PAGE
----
Fisher’s Island lies near the mouth of Long Island Sound, a narrow strip of land situated about 2 miles from the Connecticut coast. The island, which has a permanent population of less than 300, is fairly isolated despite its proximity to the shore; the only way on or off (other than flying) is via a ferry from the Connecticut town of New London. The island’s children take the ferry to go to Connecticut public schools, the local Boy Scout troop is part of the Connecticut Rivers Council, and the island’s Catholic church belongs to a diocese in Connecticut. Honestly, other than the fact that Fisher’s Island is surrounded by water, it’s really no different than any other coastal Connecticut town. Well, except for one thing: Fisher’s Island is actually part of New York.

Fisher’s Island. A strange border, no?

The Empire State’s claim on the island has resulted in some very interesting dualities. Fisher’s Island has a Connecticut zip code, but a New York area code; New York state troopers patrol the island, but they have to drive nearly 100 miles through Connecticut (or take two ferries) to get there first. The whole situation just doesn’t seem to make any sense, at least until you look at the history. As it turns out, Fisher’s Island has been the subject of a dispute between New York and Connecticut for nearly 400 years. Let’s take a look at the colonial history behind this peculiar piece of New York, and find out why the Nutmeg State was robbed of one of its islands.

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The Early History

To understand the dispute around Fisher’s Island, we must first be aware of one important fact: in the 1600s, nearly all of Long Island (including Fisher’s Island) was considered part of Connecticut. This is due to the fact that, while the British owned Connecticut and Long Island, the Dutch still laid claim to New York (then called New Amsterdam). As a result, there was no controversy at all when a man named John Winthrop bought Fisher’s Island from the colony of Connecticut in 1641. Winthrop became a successful politician, becoming governor of Connecticut in 1657. Since he still owned the land, it seemed obvious that Fisher’s Island would become a permanent fixture of the colony.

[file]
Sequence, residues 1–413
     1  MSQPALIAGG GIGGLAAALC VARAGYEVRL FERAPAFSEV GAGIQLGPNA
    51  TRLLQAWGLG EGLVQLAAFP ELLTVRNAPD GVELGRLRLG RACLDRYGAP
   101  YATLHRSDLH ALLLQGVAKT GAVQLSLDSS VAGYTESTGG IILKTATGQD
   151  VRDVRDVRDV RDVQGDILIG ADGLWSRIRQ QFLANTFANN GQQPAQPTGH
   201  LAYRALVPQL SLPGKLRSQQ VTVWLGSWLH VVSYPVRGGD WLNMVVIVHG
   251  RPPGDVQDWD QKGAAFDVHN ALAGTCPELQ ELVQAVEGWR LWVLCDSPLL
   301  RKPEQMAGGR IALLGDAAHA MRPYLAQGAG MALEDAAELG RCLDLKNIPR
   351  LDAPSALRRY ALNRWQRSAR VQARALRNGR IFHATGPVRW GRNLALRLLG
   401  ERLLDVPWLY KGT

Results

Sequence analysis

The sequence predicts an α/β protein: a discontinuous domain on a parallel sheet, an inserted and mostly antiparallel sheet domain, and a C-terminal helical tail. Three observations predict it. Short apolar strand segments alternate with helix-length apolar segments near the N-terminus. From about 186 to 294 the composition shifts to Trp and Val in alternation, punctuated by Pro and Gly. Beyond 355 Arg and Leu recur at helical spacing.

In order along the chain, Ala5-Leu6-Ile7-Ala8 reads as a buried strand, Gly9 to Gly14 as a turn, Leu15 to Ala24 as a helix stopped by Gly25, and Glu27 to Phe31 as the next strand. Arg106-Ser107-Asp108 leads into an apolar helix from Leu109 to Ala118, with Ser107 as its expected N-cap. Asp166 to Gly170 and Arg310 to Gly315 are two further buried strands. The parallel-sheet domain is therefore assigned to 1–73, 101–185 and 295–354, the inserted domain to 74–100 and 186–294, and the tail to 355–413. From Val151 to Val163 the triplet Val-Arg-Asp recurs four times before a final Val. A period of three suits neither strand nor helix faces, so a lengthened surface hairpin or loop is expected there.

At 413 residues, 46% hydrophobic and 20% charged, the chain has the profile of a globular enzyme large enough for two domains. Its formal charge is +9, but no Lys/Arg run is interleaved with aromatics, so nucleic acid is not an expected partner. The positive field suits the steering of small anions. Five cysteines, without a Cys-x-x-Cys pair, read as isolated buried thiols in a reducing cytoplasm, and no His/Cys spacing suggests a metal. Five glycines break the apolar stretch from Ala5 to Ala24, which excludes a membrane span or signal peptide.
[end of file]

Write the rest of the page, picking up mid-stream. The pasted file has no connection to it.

Then, in 1664, controversy arose. The British won control of New Amsterdam from the Dutch, and subsequently created the Colony of New York (to be overseen, appropriately, by the Duke of York). The Duke was a bit vengeful towards Connecticut, and for good reason: the colony had sheltered three of the judges who sentenced his father, King Charles I, to death. As a result, he drew the borders of New York to include all of Long Island, as well as the islands in Long Island Sound, to punish his northern neighbors. This effectively gave Fisher’s Island to New York, with legal documentation to back it up.

James II by Peter Lely

The vengeful Duke of York. Via Wikimedia Commons.

Unsurprisingly, quite a few of the residents of Long Island weren’t too keen on the whole idea of switching states. Many continued to petition for a return to Connecticut; most protests were silenced by 1676, when the Duke of York threatened to take away these settlers’ lands if they did not accept New York as their new home. However, Fisher’s Island (backed by the furious defiance of Governor Winthrop) would not yield to the Duke’s wishes. The island remained a disputed territory all the way until 1879; at this time, both states signed an agreement which clearly set Fisher’s Island within New York’s boundaries.